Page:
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Illustration: Sarah Grillo/Axios

Snapchat will launch a new health and wellness initiative ahead of schedule Thursday in order to address its users' growing anxiety about the coronavirus. Snapchat will also introduce new features and content to help educate users about safety measures and available resources.

Why it matters: Millennials and Gen Z, the main demographics that use Snapchat, are being criticized by health authorities for not taking the virus seriously, since early health reports showed that it was less lethal for young people.

Details: Snapchat will launch its previously-teased "Here For You" tool within its search bar that surfaces content from experts when Snapchatters search for mental health, anxiety, depression, suicide, and related topics.

  • The tool will include a separate search function that surfaces content on anxiety specifically related to coronavirus that's being produced by the World Health Organization (WHO), the Centers for Disease Control (CDC). the Crisis Text Line support network, the Ad Council and the National Health Service (NHS).
  • According to the new Axios-Ipsos Coronavirus Index, three-quarters (75%) of millennials ages 18-29 say they are somewhat or extremely worried about the outbreak.

Snapchat will also introduce a set of new creative tools that will help users share factual information about the coronavirus epidemic with each other.

  • One tool which recently launched is a nationwide Snapchat Filter that includes advice sourced from the World Health Organization on how to stay safe.

Snapchat is working with dozens of partners to surface and curate credible information about the virus.

  • A Snapchat spokesperson says it's working with WHO to develop custom content to answer questions from Snapchat users about the virus.
  • Snapchat is also working with nearly 40 media partners globally via its content arm, Discover, to elevate vetted information about the virus.

The big picture: Officials say that millennials aren't doing enough to stop the spread of the virus, which is why Snapchat feels it has a unique role to play in elevating important information about the importance of things like social distancing.

  • "They are the core group that will stop this virus.," said Dr. Deborah Birx, the White House coronavirus response coordinator, at a briefing Wednesday. "They intuitively know how to contact each others without being in large social gatherings," she said, referring to millennials' smartphone skills.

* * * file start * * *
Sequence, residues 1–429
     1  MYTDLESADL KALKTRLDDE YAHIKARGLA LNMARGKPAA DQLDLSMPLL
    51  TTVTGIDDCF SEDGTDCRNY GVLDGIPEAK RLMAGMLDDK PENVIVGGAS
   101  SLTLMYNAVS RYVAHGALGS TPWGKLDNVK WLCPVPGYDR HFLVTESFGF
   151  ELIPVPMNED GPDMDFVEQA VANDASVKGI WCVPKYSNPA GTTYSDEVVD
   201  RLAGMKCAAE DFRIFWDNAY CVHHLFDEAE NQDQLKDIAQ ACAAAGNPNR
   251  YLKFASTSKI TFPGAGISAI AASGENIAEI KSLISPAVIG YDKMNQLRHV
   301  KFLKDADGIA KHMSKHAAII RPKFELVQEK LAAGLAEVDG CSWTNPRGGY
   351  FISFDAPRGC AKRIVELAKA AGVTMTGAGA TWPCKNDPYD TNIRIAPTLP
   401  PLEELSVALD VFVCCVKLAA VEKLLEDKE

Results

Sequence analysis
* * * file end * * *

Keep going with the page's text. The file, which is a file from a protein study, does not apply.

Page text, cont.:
• She also noted that there may be a disproportional number of infections among millennials, who could spread the disease to other, more vulnerable, generations.

What's next: The new coronavirus tools will be available to Snapchat users early next week. The mental health and wellness tools will be available globally Thursday.

Go deeper

Updated 2 hours ago - Politics & Policy

Coronavirus dashboard

Illustration: Sarah Grillo/Axios

  1. Health: WHO: AstraZeneca vaccine must be evaluated on "more than a press release."
  2. Politics: Supreme Court backs religious groups on New York COVID restrictions.
  3. Economy: Safety nets to disappear in DecemberAmazon hires 1,400 workers a day throughout pandemic.
  4. Education: U.S. public school enrollment drops as pandemic persists — National standardized tests delayed until 2022.
  5. Cities: Los Angeles County issues stay-at-home order, limits gatherings.
  6. World: London police arrest dozens during anti-lockdown protests — Thailand, Philippines sign deal with AstraZeneca for vaccine.

Tony Hsieh, longtime Zappos CEO, dies at 46

Tony Hsieh. Photo: FilmMagic/FilmMagic

Tony Hsieh, the longtime ex-chief executive of Zappos, died on Friday after being injured in a house fire, his lawyer told the Las Vegas Review-Journal. He was 46.

The big picture: Hsieh was known for his unique approach to management, and following the 2008 recession his ongoing investment and efforts to revitalize the downtown Las Vegas area.

Dan Primack, author of Pro Rata
9 hours ago - Economy & Business

The unicorn stampede is coming

Illustration: Annelise Capossela/Axios

Airbnb and DoorDash plan to go public in the next few weeks, capping off a very busy year for IPOs.

What's next: You ain't seen nothing yet.

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